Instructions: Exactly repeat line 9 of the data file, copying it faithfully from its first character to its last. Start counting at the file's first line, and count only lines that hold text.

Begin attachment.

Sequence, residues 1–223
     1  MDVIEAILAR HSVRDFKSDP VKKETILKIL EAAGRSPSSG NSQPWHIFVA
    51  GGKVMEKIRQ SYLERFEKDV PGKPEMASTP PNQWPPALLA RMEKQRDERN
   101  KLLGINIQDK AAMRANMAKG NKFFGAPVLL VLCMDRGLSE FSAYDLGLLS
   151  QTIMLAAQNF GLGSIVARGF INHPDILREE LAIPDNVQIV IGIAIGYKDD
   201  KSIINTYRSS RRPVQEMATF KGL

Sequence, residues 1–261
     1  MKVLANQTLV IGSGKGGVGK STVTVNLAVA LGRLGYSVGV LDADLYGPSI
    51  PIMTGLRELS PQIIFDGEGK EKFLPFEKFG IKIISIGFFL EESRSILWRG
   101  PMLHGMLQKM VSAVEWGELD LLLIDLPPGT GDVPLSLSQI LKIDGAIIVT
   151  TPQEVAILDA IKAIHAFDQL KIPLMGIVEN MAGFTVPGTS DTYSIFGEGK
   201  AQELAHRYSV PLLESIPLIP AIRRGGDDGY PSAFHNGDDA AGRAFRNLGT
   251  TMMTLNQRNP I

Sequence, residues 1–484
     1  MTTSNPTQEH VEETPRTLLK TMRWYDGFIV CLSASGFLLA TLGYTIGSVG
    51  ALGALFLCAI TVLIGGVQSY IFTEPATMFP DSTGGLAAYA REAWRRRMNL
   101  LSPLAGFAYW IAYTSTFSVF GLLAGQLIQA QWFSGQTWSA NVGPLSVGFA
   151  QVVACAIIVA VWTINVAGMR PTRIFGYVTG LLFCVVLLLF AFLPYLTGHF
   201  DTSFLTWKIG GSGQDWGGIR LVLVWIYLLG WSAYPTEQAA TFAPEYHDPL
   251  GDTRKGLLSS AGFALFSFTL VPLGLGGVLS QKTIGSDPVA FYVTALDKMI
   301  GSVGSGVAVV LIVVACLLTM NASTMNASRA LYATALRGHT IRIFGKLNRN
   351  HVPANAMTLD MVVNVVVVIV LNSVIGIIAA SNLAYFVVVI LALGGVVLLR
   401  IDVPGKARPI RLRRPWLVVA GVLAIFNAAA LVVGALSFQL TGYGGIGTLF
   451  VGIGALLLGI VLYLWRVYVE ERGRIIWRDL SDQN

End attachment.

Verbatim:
    51  PIMTGLRELS PQIIFDGEGK EKFLPFEKFG IKIISIGFFL EESRSILWRG